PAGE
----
Maternal Health Awareness Day 2024

Today is, National Maternal Health Awareness Day 2024. This year the focus is on Access to Care. Access in Crisis.

Posted under: Maternal Health, Quality of Care

The definition of “maternal health awareness” might depend on who you ask. And where.

This year the focus is on Access to Care. Access in Crisis.

And that is true. For many rural communities, closures of obstetric units and hospitals have created tremendous burdens in obstetric availability. Medicaid reimbursement has created significant voids in hospital budgets that are no longer sustainable. Insurance costs have created chasms in care, leading to a lack of obstetric specialists and delivery options in states least likely to afford lapses in care.

But there is more to accessing high-quality maternal care than we realize. Or recognize. Or care to admit. I will give you a few examples that create challenges to accessing even the most well-supported maternal care sites.

1. Racial disparities and racism: In April 2023, the Centers for Disease Control published Maternity Care Experiences that revealed troubling facts (survey methodology available within the CDC document):
  • 30% of Black, Hispanic, and multiracial mothers reported mistreatment (e.g., violations of physical privacy or verbal abuse) during maternity care.

  • 40% of Black, Hispanic, and multiracial mothers reported discrimination during maternity care.

  • 45% of all mothers reported holding back from asking questions or discussing concerns with their provider.
It is very easy to state, “That’s someone else,” or “That doesn’t happen here.” Are you listening to your patients? Are you able to hold space for the possibility that their experience is different from your own? Do ALL patients feel safe in accessing care in your facilities?

Researchers from the University of California at San Francisco found that “racialized pregnancy stigma may result in reduced access to quality health care; barriers to services, resources, and social support; and poorer psychological health”.
The experiences of Black women at the intersection of race, gender, and pregnancy | Bixby Center for Global Reproductive Health (

2. Obesity stigma: The stigma associated with obesity continues to impact a woman’s or birthing person’s choice of providers, or their willingness to seek out care. Obesity stigma is fueled by misconceptions and assumptions about people with obesity and continues to exist today. Have you ever seen a colleague or co-worker roll their eyes upon receiving the report of a pregnant patient with severe obesity? Have your own eyes rolled? What assumptions do you make about weight? And how are these assumptions keeping women and birthing people from accessing care due to obesity stigma from healthcare providers?

3. Mental health stigma: The stigma that continues to permeate healthcare is that of mental health disorders. “The bipolar patient in room 3…” Have you heard that recently? Ever? In 2019, researchers in California reviewed 300 records of women who died within one year of giving birth. The second leading cause of death was substance use disorder. Two-thirds of these women had at least one (1) interaction with the healthcare system. Are we seeing despair? Are we making assumptions about maternal mental health? Check out the Maternal Mental Health Leadership Alliance for more information.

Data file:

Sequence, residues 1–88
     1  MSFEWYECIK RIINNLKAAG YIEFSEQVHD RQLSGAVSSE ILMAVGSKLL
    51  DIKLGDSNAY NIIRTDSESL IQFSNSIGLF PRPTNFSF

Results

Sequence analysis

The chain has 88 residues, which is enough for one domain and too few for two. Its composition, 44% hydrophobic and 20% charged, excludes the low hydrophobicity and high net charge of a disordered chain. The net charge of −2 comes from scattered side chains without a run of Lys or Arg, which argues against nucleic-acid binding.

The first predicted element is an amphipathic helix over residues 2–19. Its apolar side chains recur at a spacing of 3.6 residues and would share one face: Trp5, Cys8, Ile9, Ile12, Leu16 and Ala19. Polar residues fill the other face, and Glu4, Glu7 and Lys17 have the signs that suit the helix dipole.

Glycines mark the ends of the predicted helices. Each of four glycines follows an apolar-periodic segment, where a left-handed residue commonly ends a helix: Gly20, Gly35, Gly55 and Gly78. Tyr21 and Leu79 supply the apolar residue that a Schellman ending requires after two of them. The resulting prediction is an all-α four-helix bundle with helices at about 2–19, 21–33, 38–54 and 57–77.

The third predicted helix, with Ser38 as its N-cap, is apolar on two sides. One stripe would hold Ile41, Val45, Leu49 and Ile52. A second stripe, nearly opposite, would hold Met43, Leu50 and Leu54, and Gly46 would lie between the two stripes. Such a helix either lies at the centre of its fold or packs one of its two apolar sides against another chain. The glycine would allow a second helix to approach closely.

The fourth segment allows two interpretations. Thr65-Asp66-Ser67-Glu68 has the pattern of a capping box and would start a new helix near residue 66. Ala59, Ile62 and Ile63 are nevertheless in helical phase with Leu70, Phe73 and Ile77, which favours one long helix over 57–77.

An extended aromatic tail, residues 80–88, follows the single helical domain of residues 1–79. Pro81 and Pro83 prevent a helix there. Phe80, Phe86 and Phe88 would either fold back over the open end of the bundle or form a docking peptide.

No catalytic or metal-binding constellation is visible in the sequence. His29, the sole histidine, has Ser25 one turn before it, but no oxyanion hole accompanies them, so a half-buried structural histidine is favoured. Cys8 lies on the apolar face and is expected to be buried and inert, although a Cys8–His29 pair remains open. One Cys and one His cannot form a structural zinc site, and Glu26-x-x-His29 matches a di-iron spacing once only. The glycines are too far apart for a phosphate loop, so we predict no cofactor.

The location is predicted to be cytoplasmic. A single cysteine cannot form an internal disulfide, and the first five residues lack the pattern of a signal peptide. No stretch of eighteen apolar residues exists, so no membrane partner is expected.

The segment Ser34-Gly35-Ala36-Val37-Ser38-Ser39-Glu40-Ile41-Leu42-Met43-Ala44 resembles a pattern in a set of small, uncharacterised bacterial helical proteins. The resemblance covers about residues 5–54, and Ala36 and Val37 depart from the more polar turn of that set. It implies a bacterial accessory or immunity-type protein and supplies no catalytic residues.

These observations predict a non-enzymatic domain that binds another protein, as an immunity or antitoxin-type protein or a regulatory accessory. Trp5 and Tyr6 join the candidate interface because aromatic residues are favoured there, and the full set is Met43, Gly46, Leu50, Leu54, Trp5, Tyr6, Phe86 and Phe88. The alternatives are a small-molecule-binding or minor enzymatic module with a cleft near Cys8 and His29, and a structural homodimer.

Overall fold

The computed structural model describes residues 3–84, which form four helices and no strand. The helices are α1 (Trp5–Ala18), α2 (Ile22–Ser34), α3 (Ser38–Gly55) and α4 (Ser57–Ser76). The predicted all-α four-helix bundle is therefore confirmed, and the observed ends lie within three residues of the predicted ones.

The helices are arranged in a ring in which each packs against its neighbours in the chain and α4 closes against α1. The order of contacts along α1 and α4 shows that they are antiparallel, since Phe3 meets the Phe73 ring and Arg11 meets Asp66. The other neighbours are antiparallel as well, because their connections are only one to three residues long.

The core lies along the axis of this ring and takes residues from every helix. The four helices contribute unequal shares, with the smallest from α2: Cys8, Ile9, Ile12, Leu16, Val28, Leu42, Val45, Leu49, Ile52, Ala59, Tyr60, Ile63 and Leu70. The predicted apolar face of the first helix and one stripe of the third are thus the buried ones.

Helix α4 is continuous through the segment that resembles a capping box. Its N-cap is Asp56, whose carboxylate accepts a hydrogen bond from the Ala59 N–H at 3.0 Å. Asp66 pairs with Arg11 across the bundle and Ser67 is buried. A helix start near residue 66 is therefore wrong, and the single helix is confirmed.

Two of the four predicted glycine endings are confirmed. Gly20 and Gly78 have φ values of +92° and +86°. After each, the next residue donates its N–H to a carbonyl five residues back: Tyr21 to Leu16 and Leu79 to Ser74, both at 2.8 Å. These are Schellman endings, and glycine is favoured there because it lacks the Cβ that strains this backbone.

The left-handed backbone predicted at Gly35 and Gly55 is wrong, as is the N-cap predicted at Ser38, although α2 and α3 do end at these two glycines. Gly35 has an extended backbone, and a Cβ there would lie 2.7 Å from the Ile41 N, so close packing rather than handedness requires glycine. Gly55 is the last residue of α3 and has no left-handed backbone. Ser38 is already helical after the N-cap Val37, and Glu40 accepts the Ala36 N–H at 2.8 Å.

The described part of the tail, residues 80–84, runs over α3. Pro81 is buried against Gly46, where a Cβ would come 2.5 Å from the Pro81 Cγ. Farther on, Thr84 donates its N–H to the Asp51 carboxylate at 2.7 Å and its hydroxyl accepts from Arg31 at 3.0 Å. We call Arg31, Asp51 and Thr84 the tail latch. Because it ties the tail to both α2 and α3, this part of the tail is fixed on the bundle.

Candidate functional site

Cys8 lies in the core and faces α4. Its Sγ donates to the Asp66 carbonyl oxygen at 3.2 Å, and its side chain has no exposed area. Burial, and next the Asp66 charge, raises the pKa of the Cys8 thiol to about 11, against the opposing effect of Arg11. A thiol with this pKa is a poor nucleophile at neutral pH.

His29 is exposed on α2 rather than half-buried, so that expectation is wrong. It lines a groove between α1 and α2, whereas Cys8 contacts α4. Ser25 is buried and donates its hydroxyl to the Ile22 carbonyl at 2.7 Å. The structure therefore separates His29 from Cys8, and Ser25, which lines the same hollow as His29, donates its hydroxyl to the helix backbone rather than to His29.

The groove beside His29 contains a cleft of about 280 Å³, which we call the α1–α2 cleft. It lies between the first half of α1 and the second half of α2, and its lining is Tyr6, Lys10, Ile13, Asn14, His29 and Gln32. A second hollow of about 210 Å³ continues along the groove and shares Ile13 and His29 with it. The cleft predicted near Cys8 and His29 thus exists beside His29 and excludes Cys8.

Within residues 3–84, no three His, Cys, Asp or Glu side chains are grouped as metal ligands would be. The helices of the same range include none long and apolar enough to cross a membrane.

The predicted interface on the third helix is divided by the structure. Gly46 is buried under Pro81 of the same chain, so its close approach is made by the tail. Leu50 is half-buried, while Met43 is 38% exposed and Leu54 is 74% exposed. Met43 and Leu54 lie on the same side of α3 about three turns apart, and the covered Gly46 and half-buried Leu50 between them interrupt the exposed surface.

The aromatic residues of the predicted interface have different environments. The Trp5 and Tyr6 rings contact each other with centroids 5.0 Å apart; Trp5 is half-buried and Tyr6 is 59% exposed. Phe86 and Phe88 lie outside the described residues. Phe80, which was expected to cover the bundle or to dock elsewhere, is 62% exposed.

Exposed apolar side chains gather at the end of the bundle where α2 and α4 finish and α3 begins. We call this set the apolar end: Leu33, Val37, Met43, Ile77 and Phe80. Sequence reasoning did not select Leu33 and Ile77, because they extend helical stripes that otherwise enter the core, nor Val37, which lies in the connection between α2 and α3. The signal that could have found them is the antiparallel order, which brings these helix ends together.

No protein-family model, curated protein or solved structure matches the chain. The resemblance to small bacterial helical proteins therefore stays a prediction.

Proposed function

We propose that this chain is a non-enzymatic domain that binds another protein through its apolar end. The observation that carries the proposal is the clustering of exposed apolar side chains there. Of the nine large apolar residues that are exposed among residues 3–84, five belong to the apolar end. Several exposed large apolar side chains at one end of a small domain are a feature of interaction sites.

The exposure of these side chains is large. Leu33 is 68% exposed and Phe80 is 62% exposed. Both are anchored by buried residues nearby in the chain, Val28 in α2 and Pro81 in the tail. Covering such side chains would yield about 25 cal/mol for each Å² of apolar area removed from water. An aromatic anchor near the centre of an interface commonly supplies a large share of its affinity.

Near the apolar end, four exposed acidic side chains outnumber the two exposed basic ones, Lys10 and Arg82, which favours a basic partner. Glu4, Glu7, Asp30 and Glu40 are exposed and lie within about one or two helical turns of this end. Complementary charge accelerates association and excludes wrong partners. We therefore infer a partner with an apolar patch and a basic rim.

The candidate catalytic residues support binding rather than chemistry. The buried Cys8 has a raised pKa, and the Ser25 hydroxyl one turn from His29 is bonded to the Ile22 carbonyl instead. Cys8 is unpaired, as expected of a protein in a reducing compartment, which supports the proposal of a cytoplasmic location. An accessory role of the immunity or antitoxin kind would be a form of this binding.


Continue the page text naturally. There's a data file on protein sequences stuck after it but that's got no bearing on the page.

4. Homelessness: Back in 2022, I wrote a blog entitled Homelessness is Not Neglect. There is incredible stigma that is associated with homelessness, and more particularly pregnant women who are homeless. Between assumptions, misconceptions, and other issues that can taint perception, homelessness can be a significant deterrent to seeking maternal health care. Here is a quote from the blog I wrote, and it is just as important now as it was then:

 “Members of our team immediately called CPS on a Black mother for being homeless. She left AMA during labor, and we do not know where she delivered. I was so distraught. Our policy directs us to contact CPS for homeless parents. Like they have not been traumatized enough already. We must change our policies to protect these mothers and families and make every effort to keep these newborns with their mothers.”

5. Incarceration: According to Knittel et al (2022), “We Don’t Wanna Birth It Here”: A Qualitative Study of Southern Jail Personnel Approaches to Pregnancy: Women & Criminal Justice: Vol 33, No 5, approximately 55,000 pregnant people are incarcerated in jails each year. As many of these people are of childbearing age, it would stand that some of these people would deliver while incarcerated. In 2018, Black women were incarcerated at twice the rate of white women (Equitable Care for Pregnant Incarcerated Women: Infant Contact After Birth - A Human Right ( This commentary by Franco et al provides a bleak picture of maternal health in our carceral systems. I would strongly encourage the review of this paper and learn more about how to advocate for maternal health patients who experience incarceration. Not only is there stigma of patients during their period of incarceration, but also upon release and their re-entry into their community.

Access to care can mean many things. But one thing is certain. Access to high-quality, affordable, and available care in the community can be life-sustaining and life-changing. Let’s improve maternal health everywhere. Every patient, every time, everywhere.

National Maternal Health Awareness Day 2024
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